Patient Grissel – Act 5, Scene 1

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Enter LAUREO reading and BABULO with him.

 BABULO
Come, I have left my work to see what mattins you mumble to your self.  Faith, Laureo, I would you could leave this Latin and fall to make baskets.  You think ‘tis enough if at dinner you tell us a tale of Pygnies, and then mounch up our victuals, but that fits not us.  Or the history of the well Helicon, and then drink up our beer.  We cannot live upon it.

LAUREO
A scholar doth disdain to spend his spirits
Upon such base employments as hand labours.

BABULO

Then you should disdain to eat us out of house and home.  You stand all day peeping into an ambry there, and talk of monsters, and miracles, and countries to no purpose.  Before I fell to my trade I was a traveller, and found more in one year then you can by your poets and paltries in seven years.

LAUREO
What wonders hast thou seen which are not here?

BABULO
Oh God!  I pity thy capacity, good scholar.  As a little wind makes a sweet ball smell, so a crumb of learning makes your trade proud.  What wonders?  Wonders not of nine days, but 1599.  I have seen under John Prestor and Tamer Cams, people with heads like dogs.

LAUREO
Alas! of such there are too many here.
All Italy is full of them that snarl
And bay and bark at other men’s abuse
Yet live themselves like beasts in all abuse.

BABULO
It’s true, I know many of that complexion, but I have seen many without heads, having their eyes, nose, and mouths in their breasts.

LAUREO
Why, that’s no wonder; every street with us
Swarms full of such.

BABULO
I could never see them.

LAUREO
Dost thou not see our wine-belly drunkards reel?
Our fat fed gluttons wallow in the streets,
Having no eyes but to behold their guts,
No heads but brainless scalps, no sense to smell,
But where full feasts abound in all excess.
These Epimoei be our Epicures.

BABULO
I have seen monsters of that colour too, but what say you to them that have but one leg, or one good limb?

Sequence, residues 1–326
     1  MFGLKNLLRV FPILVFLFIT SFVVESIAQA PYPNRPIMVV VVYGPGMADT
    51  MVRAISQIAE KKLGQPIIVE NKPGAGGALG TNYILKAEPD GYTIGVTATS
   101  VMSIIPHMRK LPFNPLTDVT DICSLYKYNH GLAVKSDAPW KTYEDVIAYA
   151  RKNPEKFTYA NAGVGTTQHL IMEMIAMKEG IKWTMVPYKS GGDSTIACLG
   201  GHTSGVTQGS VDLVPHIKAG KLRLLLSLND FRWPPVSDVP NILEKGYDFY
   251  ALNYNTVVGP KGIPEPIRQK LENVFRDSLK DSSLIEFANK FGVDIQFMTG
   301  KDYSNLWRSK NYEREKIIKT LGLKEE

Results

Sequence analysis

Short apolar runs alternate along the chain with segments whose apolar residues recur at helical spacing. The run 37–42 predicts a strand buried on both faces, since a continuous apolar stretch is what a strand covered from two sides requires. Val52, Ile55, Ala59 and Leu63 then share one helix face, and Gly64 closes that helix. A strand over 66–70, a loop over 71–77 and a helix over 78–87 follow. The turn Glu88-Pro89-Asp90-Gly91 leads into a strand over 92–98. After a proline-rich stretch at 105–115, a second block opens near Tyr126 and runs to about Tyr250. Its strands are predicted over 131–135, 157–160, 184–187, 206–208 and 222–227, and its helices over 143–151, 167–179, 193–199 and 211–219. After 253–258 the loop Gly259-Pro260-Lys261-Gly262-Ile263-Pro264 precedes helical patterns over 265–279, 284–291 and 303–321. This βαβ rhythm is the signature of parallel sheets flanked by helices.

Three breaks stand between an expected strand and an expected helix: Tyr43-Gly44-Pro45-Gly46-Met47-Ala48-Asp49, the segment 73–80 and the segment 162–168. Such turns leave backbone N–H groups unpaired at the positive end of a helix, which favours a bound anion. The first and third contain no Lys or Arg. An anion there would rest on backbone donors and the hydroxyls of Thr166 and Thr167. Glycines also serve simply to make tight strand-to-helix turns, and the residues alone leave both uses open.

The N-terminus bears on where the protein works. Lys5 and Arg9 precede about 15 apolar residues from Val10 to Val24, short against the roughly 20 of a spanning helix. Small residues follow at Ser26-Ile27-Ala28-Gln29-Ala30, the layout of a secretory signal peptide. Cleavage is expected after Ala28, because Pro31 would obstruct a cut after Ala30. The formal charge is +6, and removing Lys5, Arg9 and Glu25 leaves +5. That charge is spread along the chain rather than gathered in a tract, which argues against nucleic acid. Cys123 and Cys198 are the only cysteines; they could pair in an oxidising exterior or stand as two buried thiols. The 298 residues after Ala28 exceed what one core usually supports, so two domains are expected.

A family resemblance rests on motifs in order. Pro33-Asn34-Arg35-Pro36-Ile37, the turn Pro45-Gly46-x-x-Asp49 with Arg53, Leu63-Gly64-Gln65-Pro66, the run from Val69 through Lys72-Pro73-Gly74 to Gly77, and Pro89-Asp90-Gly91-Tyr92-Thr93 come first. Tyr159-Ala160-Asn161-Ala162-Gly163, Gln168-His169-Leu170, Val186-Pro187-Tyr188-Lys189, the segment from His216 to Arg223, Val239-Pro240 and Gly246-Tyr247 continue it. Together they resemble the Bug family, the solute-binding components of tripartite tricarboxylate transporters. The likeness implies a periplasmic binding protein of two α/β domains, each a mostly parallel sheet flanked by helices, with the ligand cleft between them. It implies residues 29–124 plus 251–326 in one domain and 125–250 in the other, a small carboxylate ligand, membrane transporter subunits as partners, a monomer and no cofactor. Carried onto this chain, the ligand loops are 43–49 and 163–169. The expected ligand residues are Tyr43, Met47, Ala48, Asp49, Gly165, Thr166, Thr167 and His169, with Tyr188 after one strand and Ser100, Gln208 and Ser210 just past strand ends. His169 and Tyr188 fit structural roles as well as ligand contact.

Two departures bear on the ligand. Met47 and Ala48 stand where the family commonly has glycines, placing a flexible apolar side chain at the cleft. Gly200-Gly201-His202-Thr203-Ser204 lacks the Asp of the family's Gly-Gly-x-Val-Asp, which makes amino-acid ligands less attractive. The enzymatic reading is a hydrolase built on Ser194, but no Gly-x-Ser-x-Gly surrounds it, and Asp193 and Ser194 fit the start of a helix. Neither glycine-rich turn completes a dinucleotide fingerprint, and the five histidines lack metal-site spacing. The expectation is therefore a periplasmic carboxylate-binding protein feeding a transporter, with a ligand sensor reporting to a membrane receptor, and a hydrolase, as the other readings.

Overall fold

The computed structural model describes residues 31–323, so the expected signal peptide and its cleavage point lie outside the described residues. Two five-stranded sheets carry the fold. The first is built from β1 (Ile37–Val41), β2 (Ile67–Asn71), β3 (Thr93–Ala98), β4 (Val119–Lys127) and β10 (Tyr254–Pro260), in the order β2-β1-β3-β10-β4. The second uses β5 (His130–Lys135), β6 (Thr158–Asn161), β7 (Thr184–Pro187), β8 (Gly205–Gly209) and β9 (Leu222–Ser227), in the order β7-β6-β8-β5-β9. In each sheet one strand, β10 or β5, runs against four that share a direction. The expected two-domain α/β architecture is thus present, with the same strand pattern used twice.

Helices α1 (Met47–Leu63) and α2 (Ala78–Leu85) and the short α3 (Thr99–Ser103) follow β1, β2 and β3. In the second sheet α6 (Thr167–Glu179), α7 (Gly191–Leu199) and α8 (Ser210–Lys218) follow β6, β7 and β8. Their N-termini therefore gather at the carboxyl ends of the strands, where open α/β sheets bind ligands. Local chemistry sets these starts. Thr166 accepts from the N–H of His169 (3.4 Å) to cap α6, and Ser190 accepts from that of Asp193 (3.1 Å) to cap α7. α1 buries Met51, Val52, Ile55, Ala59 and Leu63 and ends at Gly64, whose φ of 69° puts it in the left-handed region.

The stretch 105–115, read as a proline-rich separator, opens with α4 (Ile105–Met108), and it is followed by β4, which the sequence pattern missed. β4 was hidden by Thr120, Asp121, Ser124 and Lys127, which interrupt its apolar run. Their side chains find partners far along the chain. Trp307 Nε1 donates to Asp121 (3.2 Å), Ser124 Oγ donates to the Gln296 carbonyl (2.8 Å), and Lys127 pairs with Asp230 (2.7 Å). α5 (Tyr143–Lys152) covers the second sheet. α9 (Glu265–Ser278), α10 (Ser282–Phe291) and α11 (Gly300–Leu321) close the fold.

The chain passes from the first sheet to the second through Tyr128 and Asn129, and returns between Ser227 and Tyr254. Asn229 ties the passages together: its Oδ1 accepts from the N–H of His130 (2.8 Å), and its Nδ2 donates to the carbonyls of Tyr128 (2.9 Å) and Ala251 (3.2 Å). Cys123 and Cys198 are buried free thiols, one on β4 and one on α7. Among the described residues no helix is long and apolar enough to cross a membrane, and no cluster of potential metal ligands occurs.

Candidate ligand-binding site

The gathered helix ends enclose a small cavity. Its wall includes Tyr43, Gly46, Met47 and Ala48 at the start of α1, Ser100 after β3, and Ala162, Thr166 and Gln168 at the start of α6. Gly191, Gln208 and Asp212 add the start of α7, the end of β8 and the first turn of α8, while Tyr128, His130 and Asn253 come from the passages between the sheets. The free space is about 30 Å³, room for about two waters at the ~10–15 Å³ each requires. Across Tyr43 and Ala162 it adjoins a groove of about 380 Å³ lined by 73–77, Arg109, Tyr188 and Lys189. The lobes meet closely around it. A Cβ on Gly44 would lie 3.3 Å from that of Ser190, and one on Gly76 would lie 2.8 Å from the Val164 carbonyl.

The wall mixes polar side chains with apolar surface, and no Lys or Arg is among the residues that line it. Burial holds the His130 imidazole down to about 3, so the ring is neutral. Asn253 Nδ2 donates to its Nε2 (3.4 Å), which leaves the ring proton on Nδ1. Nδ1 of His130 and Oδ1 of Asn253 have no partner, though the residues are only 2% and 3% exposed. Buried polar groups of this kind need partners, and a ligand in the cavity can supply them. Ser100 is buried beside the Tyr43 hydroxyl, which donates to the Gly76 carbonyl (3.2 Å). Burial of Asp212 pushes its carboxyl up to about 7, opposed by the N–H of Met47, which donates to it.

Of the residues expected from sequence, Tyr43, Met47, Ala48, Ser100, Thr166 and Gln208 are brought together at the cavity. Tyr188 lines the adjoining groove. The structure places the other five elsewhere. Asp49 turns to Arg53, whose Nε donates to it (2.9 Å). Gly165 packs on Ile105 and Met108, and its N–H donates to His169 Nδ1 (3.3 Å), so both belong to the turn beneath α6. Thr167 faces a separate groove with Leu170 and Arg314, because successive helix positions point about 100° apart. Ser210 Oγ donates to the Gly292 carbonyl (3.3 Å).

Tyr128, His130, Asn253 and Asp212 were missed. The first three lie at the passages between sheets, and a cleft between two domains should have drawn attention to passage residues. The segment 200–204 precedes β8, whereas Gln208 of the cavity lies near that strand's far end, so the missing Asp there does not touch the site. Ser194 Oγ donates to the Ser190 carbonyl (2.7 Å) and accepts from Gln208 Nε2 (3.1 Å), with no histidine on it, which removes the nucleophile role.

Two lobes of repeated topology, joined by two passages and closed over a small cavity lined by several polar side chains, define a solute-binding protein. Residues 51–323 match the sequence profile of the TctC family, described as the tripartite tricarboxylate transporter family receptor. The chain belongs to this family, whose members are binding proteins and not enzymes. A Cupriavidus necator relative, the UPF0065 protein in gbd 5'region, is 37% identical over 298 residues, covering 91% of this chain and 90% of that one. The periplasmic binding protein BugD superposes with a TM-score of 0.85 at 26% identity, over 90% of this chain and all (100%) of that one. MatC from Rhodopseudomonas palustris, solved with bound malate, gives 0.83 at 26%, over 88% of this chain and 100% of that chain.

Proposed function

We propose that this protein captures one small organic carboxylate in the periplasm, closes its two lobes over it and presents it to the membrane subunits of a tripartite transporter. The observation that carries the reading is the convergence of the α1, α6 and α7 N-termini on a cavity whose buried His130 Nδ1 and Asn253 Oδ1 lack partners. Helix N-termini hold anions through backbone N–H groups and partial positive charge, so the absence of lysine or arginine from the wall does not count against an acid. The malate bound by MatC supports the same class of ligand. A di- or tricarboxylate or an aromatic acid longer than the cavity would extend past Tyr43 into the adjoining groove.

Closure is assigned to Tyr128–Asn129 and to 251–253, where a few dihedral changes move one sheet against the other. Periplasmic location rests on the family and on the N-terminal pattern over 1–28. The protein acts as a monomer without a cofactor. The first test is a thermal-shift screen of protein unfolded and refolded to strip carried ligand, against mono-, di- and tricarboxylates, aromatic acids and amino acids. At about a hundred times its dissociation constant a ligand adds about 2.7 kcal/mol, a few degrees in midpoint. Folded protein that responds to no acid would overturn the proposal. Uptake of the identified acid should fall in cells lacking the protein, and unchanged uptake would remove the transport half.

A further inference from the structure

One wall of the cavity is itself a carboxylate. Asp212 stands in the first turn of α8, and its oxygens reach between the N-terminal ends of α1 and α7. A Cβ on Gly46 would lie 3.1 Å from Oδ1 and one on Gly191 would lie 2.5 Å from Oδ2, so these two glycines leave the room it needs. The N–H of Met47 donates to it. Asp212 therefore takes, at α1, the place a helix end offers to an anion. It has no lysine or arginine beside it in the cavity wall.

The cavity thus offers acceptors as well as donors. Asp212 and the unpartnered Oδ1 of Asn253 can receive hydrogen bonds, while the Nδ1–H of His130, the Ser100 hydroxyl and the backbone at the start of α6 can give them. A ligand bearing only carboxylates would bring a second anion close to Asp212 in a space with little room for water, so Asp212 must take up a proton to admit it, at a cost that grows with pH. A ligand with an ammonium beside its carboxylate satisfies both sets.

LAUREO
Such as our bankrouts and our fugitives.
Scarce having one good leg, or one good limb
Out run their creditors, and those they wrong.

BABULO
Mass, ‘tis true there was a cripple in our village ran beyond Venice and his creditors with their best legs could never since take him.  But let me descend and grow lower and lower.  What say you tot he little, little Pygmies, no higher than a boy’s gig, and yet they tug and fight with the long neck’d cranes.

LAUREO
Oh, poor and wretched people are the Pygmies!
Oh, rich oppressors the devouring cranes.
Within my father’s house I’ll show thee Pygmies.
Thou seest my sister Grissil; she’s a Pygmy.

BABULO
She’s a pretty little woman indeed, but too big for a Pygmy.

LAUREO
I am a Pygmy.

BABULO
Fie, fie, worse and worse!

LAUREO
My old father’s one.

BABULO
No, no, no.  Giants all.

LAUREO
The Marquess is the rich devouring crane
That makes us less then Pygmies, worse than worms.

 Enter JANICOLA with an angling rod, GRISSIL
with a reel, and FURIO.

 BABULO
Yonder they come, and a crane with them.

FURIO
Janicola, leave your fish-catching, and you your reeling.  You and you sirrah, you must trudge to court presently.

JANICOLA
Must we again be harried from content
To live in a more grievous banishment?

LAUREO
Methinks my lord the Marquess should be pleas’d
With marriage of another, and forbear
With trumpets to proclaim this injury,
And to vex Grissil with such lawless wrong.

GRISSIL
‘Tis no vexation, for what pleaseth him
Is the contentment of his handmaid’s heart.

FURIO
Will you go?

JANICOLA

Yes, we will go,
To fly from happiness to find out woe.

BABULO
Good Furio, vanish; we have no appetite.  Tell your master, clowns are not for the court.  We’ll keep court ourselves, for what do courtiers but we do the like.  You eat good cheese, and we eat good bread and cheese.  You drink wine, and we strong beer.  At night you are as hungry slaves as you were none, why so are we.  You go to bed, you can but sleep, why and so do we.  In the morning you rise about eleven of the clock, why there we are your betters, for we are going before you.  You wear silks, and we sheep-skins.  Innocence carries it away in the world to come, and therefore vanish, good Furio.  Torment us not, good my sweet Furio.

FURIO
Ass, I’ll have you snaffled.

BABULO
It may be so, but then, Furio, I’ll kick.

FURIO
Will you go, or shall I force you?

GRISSIL
You need not, for I’ll run to serve my lord.
Or, if I wanted legs, upon my knees
I’ll creep to court so I may see him pleas’d.
Then courage, father.

JANICOLA
Well said, patience;
Thy virtues arm mine age with confidence.
Come, son, bond-men must serve.  Shall we away?

LAUREO
Ay, ay, but shall prove a fatal day.

GRISSIL
Brother, for my sake do not wrong yourself.

LAUREO
Shall I in silence bury all our wrongs?

GRISSIL
Yes, when your words cannot get remedy,
Learn of me, Laureo, I that share most woe
Am the least mov’d.  Father, lean on mine arm.
Brother, lead you the way, whilst wretched I
Uphold old age and cast down misery.

FURIO
Away.

BABULO
Old master, you have fish’d fair and catch’d a frog.               [Exeunt.

Proceed to the next scene

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